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Longevity Allele Slows Immune and Cardiovascular Aging

It may be possible to give this natural longevity to everyone.

Aging DNAAging DNA

In a new study, mice transduced with a longevity-associated variant (LAV) of the BPIFB4 gene showed less immunosenescence and healthier vasculature [1].

The importance of having good genes

Longevity-associated alleles prove that aging does not affect everyone equally. On average, centenarians and supercentenarians are more protected from age-related diseases than other people, and this protection is better explained by their genes than by their lifestyle choices; it’s not for nothing that longevity often runs in the family.

Geroscientists have been studying these genetic differences for years (check out our interview with Nir Barzilai, one of the most prominent researchers in this field) and have found many gene variants associated with extreme longevity in humans. If only we could somehow extend the benefits that these variants provide to the rest of the human population!

As it happens, scientists have been slowly inching towards making this dream a reality. In this new study, a group of researchers transferred a longevity-associated variant (LAV) of the BPIFB4 gene to mice using viral vectors and saw it rejuvenate the animals’ immune systems and vasculature.

The longevity-associated enigma

Due to its association with longevity established by population studies, the BPIFB4 gene has been in geroscientists’ crosshairs for a few years now. The exact mechanism of action, and even the function of the protein produced by this gene, are poorly understood, but it is known to participate in the maintenance of the immune and cardiovascular systems. In a 2015 study by the same group, the transduction of this LAV led to the restoration of endothelial function and youthful blood pressure levels in old mice [2]. More recently, the group showed that BPIFB4 levels are associated with the severity of COVID-19 in elderly patients [3].

This time, the researchers decided to take a closer look at the effects of this LAV on the harmful age-related changes to the immune system, mainly the ones relating to cellular senescence. First, they confirmed that in aged mice, more blood immune cells express beta-galactosidase (ß-gal), an established marker of cellular senescence. Two months after the mice had been treated with LAV-carrying viral vectors, the prevalence of senescent immune cells significantly decreased in the blood and bone marrow, though it increased in the spleen. The researchers suggest that since the spleen recycles old blood cells, this actually signals an improved clearance of senescent cells from the circulatory system.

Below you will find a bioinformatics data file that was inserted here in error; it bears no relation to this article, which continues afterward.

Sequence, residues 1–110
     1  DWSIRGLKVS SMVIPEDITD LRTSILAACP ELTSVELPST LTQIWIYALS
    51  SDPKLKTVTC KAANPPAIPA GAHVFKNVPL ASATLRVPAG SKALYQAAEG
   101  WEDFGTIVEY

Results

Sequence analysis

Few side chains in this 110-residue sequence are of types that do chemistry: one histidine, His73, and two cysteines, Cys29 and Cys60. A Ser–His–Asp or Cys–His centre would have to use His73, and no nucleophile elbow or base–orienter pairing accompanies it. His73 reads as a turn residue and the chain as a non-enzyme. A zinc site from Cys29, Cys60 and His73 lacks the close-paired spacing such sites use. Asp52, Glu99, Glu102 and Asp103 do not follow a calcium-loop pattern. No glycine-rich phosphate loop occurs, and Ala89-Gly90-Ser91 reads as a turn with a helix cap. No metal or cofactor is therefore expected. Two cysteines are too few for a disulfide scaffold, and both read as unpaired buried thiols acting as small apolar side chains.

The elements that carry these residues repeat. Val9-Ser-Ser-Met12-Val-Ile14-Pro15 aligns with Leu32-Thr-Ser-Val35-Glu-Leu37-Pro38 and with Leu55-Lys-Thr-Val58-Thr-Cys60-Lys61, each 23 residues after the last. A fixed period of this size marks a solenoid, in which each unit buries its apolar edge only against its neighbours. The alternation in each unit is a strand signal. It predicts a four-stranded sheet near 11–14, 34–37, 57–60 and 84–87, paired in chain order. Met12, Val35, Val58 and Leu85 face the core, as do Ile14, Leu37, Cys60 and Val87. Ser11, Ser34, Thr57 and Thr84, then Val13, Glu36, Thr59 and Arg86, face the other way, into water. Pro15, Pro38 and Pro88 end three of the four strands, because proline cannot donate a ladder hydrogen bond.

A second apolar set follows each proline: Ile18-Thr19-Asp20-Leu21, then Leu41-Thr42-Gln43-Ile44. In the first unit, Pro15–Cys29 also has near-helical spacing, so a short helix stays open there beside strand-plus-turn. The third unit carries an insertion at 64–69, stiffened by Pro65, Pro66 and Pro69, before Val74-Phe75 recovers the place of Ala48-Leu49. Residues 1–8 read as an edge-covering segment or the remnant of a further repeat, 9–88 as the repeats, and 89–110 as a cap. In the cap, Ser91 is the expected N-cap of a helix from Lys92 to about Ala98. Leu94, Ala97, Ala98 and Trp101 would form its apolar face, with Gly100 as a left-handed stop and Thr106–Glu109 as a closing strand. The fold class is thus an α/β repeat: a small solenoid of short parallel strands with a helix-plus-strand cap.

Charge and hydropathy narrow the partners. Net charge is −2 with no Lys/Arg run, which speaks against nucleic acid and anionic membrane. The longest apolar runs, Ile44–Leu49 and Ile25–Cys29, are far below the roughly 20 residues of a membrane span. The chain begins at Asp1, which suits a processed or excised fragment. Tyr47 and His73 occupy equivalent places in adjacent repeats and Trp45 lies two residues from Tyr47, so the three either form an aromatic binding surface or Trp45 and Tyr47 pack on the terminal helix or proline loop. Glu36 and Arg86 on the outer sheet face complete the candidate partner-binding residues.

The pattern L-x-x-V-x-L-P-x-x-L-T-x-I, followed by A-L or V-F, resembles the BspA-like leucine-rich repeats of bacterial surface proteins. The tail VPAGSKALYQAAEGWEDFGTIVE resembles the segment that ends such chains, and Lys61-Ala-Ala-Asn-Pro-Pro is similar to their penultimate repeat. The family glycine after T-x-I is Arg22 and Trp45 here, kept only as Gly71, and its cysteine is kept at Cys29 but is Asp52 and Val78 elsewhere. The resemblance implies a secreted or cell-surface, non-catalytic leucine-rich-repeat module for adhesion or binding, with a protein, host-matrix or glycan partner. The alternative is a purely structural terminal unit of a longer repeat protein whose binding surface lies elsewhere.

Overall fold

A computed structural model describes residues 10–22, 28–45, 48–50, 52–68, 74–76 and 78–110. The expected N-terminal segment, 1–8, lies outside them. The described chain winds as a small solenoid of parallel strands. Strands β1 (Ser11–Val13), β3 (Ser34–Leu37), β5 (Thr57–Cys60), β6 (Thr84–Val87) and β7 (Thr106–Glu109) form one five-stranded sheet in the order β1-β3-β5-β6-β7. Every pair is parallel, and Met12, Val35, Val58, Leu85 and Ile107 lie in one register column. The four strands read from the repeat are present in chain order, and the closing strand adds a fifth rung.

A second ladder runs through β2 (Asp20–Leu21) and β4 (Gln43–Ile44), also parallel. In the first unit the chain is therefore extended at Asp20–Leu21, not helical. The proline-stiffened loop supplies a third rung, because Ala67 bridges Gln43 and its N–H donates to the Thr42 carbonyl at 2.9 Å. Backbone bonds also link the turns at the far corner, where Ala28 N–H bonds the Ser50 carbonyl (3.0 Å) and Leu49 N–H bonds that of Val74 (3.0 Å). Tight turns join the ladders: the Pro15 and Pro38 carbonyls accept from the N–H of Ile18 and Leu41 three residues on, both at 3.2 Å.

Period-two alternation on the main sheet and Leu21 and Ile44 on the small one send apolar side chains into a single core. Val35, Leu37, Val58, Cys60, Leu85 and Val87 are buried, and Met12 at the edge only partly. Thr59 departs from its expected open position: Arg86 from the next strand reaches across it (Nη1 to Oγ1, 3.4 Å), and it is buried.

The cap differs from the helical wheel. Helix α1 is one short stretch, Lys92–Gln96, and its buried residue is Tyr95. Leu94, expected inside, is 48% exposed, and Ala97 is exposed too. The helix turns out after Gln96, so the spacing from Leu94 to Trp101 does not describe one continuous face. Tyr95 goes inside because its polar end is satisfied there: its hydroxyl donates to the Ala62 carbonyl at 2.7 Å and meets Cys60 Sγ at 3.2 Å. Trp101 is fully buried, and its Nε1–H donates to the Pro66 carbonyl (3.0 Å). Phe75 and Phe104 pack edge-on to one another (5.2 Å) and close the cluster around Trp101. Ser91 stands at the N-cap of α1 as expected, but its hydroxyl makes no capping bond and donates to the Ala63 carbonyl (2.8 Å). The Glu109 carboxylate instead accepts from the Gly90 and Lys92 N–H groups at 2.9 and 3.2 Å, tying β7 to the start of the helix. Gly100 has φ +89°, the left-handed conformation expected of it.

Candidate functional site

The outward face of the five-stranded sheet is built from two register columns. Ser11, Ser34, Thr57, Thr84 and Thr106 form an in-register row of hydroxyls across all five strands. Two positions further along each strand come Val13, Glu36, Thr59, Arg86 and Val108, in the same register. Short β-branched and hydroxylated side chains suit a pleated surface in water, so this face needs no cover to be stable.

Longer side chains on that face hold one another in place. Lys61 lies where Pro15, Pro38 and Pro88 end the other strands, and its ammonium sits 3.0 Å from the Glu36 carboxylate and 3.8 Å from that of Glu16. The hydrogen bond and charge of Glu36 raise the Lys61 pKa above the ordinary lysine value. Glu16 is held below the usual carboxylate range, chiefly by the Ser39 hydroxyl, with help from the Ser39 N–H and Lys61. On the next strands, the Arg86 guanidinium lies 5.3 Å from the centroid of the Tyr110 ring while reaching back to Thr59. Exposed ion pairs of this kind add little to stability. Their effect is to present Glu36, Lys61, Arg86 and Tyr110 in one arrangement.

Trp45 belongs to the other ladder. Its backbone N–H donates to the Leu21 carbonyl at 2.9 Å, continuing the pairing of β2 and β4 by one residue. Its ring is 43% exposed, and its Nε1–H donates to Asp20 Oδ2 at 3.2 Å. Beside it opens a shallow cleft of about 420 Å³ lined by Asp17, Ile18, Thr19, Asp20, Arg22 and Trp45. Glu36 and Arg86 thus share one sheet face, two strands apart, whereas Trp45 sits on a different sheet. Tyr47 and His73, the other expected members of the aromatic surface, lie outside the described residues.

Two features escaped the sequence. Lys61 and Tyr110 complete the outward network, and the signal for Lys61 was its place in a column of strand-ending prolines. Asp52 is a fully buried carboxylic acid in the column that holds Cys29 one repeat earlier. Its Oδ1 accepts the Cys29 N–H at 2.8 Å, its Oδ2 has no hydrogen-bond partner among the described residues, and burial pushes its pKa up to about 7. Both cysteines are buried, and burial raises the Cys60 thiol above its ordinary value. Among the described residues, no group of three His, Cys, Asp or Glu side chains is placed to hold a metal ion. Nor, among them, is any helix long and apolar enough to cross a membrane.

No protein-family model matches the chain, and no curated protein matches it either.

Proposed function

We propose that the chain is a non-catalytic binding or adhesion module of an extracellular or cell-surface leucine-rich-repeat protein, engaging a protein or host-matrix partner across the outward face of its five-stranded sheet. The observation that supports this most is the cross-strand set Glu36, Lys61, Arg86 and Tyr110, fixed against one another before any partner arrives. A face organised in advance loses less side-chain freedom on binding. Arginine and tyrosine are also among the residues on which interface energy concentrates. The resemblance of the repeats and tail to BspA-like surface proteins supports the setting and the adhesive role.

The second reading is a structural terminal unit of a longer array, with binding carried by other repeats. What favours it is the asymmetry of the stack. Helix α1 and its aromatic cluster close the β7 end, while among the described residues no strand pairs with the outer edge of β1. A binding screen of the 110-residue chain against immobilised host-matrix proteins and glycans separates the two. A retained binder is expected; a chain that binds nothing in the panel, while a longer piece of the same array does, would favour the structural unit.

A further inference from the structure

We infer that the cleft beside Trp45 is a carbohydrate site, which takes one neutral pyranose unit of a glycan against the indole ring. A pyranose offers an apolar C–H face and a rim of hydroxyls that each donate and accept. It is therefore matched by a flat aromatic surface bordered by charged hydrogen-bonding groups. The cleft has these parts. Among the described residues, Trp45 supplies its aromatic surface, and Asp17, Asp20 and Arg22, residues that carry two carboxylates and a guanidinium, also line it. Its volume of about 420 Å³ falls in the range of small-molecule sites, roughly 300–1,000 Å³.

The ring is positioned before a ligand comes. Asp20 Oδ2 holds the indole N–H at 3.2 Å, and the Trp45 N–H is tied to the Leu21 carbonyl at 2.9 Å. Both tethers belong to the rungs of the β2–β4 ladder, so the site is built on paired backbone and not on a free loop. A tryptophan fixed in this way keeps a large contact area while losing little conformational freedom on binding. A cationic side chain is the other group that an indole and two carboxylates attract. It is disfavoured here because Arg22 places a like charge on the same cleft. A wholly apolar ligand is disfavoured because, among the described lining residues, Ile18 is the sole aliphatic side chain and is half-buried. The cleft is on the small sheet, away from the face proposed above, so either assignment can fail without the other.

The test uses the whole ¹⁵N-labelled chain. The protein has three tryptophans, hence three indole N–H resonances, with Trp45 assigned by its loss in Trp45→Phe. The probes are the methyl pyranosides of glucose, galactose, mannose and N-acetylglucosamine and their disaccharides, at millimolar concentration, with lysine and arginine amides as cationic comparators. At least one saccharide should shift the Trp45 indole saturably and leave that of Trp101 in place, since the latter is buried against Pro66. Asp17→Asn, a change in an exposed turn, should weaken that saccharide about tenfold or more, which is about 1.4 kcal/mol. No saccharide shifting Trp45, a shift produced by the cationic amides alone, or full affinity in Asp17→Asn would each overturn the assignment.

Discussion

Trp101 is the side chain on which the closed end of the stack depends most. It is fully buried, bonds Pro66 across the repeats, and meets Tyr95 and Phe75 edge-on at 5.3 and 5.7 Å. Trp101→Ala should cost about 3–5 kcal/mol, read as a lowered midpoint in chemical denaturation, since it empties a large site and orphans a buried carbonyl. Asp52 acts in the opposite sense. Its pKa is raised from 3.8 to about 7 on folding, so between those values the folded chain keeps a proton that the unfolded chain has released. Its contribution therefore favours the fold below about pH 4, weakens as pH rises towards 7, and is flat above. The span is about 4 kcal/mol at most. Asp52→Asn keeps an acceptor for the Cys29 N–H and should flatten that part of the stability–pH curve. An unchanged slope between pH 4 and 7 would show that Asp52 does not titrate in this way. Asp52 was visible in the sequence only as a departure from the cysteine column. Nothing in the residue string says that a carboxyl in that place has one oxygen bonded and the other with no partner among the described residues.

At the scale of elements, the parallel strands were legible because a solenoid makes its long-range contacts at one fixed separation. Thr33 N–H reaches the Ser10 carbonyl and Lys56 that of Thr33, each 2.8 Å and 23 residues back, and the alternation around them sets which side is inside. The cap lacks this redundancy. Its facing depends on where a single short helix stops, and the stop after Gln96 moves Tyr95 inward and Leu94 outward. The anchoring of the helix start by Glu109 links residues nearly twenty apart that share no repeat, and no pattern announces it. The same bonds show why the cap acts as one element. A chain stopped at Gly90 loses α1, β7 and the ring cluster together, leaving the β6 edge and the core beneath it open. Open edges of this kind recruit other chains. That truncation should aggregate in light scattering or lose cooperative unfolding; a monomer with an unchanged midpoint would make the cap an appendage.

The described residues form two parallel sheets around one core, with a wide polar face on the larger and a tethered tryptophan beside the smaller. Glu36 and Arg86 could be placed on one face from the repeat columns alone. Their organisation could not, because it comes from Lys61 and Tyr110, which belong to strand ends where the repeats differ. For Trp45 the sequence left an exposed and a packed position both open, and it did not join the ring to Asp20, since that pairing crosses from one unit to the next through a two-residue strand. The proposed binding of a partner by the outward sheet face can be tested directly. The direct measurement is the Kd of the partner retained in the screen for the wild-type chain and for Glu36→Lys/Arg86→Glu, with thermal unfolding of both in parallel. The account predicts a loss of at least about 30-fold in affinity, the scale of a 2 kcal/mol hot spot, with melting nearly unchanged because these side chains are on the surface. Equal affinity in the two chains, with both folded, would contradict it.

Senescent cells secrete the senescence-associated secretory phenotype (SASP) – a cocktail of mostly harmful molecules. The researchers analyzed the levels of three interleukin-based SASP factors: IL-1α, IL-6, and IL-10. All three were more abundant in the blood of old mice than young mice. LAV treatment led to a significant decrease in the levels of IL-1α. A similar trend for IL-6 was observed, though it did not reach statistical significance. The treatment resulted in an additional increase in IL-10, but this is not necessarily bad: not all SASP components are exclusively harmful, and IL-10 is known for its anti-inflammatory action. The scientists hypothesize that higher levels of IL-10 in treated mice represent a more robust anti-inflammatory response.